Doug: Indeed. The next challenge is education, which in the Information Age must be upgraded to enable Americans to compete with all the smart, hardworking people globalization is empowering. This, of course, according to Friedman, will require much more government spending and involvement in education - the very thing that has led to such dismal educational levels in the US now. State-provided "free" education (ignore the man behind the curtain and the taxes you must pay, whether you have children in school or not) is the primary reason for the appalling level of ignorance in the US today.
Although schools in the US have become little more than babysitting centers, indoctrination institutes, or juvenile prisons, it's obvious to any right-thinking person they can be made better simply by throwing more money at them.
L: Of course! By the way, when we're out and about and my children - who are homeschooled - see a school bus, they like to shout out: "Prisoner Transport!"
L: I was just talking to a sports coach, and he was telling me that schoolteachers are increasingly not allowed to fail anyone. Might hurt their feelings. He's got the problem of not being able to allow students to advance without actually achieving the results necessary to advance, or they can get hurt. But the children are increasingly unprepared to work hard or endure any discomfort, because in school everyone passes regardless of effort. Everyone is wonderful regardless of results. All the system needs is more money - and maybe sedatives, which will surely teach the kids not to do drugs - and all will be well.
Doug: This is typical of the statist mind-set: People like Friedman never saw a bureaucracy they didn't like, and if the bureaucracy fails in any way, it's not the fault of the bureaucrats or stupid regulations and laws. It's because they need more money and power to do the job right.
L: A pity Reagan didn't have the spine to kill the Department of Education as he said he would
Doug: That and about 100 other counterproductive, expensive, wasteful, and unethical agencies that ought to be completely abolished and salt sown in the ground where their buildings once stood.
L: Just to show that it doesn't take a village, did you see that MIT - a private school - is now giving education away?
Doug: I did see that. And of course, you know I'm a big fan of The Teaching Company's products - a much better way to learn than paying tens of thousands of dollars to have administrators babysit you while you read textbooks. Education isn't something that you receive by paying money; it's something you do.
Anyway, the third challenge is debt. Now, I'd have to agree that debt levels are in urgent need of addressing. But true to form, Friedman looks at it completely backwards. He says: "Our habit of not raising enough money through taxation to pay for what the federal government spends, and then borrowing to bridge the gap..." This is typical of Friedman. He never even considers the possibility of not spending so much money to start with. It's not even a logical possibility in his mind.
L: Isn't it peculiar that in the US - which is thought of around the world as a capitalist society - the idea of actually cutting government spending in any significant and meaningful way is a total non-starter? It's not even an option on the table in Washington, D.C. But in Europe - long a bastion of more openly socialist public policy - the EU is actually demanding austerity measures of its more profligate members, including actual cuts in government spending.
Doug: Yes. But that is the bright side of all these governments going bankrupt; they will be forced to dump many of their cherished projects and programs. That won't be because they believe in free markets, but simply because it simply won't be possible to keep the Ponzi schemes going.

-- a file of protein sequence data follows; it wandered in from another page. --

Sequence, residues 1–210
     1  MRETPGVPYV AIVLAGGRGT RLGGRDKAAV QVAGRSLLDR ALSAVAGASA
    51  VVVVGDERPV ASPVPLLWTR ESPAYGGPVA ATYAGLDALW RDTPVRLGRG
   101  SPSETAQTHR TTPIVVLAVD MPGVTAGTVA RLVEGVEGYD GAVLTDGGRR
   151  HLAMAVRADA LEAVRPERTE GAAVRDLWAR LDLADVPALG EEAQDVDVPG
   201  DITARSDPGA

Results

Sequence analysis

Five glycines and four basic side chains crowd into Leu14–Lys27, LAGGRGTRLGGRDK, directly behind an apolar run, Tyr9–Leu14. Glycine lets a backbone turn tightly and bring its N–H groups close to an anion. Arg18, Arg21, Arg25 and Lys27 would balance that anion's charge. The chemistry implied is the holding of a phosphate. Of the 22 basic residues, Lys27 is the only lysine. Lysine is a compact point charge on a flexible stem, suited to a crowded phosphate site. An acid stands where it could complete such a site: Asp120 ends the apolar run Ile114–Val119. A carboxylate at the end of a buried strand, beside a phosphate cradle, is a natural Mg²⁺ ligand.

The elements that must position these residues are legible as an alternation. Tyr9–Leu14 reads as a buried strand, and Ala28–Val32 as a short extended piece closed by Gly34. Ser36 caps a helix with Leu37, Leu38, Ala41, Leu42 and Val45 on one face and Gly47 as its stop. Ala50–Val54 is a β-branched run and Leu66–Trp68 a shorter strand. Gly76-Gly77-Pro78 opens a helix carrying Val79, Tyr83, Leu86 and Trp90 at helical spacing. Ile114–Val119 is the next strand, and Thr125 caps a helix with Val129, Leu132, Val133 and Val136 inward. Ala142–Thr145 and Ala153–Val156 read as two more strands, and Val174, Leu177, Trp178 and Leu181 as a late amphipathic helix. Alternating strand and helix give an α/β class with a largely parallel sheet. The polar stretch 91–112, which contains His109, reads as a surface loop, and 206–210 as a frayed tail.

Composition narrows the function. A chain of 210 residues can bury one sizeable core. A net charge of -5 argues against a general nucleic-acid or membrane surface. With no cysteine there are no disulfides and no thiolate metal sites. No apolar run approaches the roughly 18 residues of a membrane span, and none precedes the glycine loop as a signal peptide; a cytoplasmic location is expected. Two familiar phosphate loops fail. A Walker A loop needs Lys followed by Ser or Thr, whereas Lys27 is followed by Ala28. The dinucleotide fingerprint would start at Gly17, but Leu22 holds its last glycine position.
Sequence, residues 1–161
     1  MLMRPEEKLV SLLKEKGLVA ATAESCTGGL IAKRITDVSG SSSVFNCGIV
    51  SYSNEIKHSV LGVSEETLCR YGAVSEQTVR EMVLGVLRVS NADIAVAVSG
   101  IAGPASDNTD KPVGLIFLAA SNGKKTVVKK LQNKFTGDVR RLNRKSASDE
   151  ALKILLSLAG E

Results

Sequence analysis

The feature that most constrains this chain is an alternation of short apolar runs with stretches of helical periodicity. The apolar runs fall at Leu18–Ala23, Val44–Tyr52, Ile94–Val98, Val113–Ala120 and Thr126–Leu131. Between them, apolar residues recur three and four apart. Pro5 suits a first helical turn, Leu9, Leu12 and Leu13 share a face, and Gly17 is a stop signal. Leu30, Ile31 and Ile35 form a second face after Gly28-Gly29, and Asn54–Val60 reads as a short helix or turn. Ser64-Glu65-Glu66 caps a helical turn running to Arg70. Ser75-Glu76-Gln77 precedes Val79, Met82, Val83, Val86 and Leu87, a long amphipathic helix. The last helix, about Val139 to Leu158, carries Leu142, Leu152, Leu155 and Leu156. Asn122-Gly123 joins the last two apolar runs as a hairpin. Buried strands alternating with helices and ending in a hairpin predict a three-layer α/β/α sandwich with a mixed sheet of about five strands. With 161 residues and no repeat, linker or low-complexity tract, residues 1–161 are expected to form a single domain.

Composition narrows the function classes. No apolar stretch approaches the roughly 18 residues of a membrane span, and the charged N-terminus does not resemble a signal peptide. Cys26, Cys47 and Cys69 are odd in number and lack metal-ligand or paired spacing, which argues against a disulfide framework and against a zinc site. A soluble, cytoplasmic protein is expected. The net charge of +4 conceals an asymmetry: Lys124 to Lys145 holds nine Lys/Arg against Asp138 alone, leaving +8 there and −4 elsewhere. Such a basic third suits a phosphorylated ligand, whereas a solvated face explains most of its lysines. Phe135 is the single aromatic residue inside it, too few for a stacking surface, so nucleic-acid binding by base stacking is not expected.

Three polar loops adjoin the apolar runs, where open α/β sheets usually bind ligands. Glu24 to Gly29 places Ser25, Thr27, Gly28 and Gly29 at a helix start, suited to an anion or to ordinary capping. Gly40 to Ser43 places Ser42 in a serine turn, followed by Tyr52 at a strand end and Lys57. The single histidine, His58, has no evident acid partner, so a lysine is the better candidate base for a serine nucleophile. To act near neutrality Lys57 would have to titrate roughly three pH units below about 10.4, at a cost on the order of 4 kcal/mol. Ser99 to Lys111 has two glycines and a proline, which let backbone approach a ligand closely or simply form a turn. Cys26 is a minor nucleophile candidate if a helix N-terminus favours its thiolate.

L: And the fourth challenge?
Doug: You're going to love this: It's the threat of fossil fuels to the planet's biosphere. Somehow, the US will save itself and make itself more competitive in the global economy by embracing more economically suicidal policies based on misinformed - if not actually malign - pressure from environmental extremists.
Now, I have to be careful here, because I'm not a climatologist nor an expert in any of the many technical fields one would really have to master in order to come to a truly, fully well-informed opinion about anthropogenic global warming.
L: Sure, but I'd guess Friedman isn't either, and that doesn't stop him from pronouncing his sage advice on the topic.
Doug: Of course not. On the other hand, I am somebody who makes it his business to read a lot of scientific publications and I try to understand the basic theory, as well as keep abreast of current scientific developments. As we've discussed, I've actually done a lot of digging into the subject, trying to sort through the hysteria and highly politicized coverage.
I've got to say that it makes me very uncomfortable that US Republicans generally come down against the notion of anthropogenic global warming, because they tend to be scientifically ignorant and wrong-headed. I almost wish they were on the other side on this one, because I feel very uncomfortable being on the same side with them - it's rather like making an argument for states' rights and then finding yourself in the company of KKK members making the same argument.
Doug: But it is what it is, and at least we can say that the Democrats are almost equally scientifically ignorant, with their fetish for being anti-technology. It's rather odd, really. The Republicans are reflexively anti-science - especially evolution theory. And the Democrats tend to be reflexively anti-technology - things like fracking and nuclear power.
At any rate, global warming is Friedman's fourth big challenge, and the reviewer says that Friedman asserts that all four "require a collective response."
L: Can't rely on the private sector when you believe it takes a village.
Doug: Or a mob. Never mind that a collective has never discovered or invented anything. It was individual geniuses who brought cheap light and heat to give us comfort and productivity in what was once the cold, dark night. Friedman seems to sincerely think that Congress is wise. He really believes that if our wise leaders would only say, "Make it so," then the peons could go out and collectively create the millennium.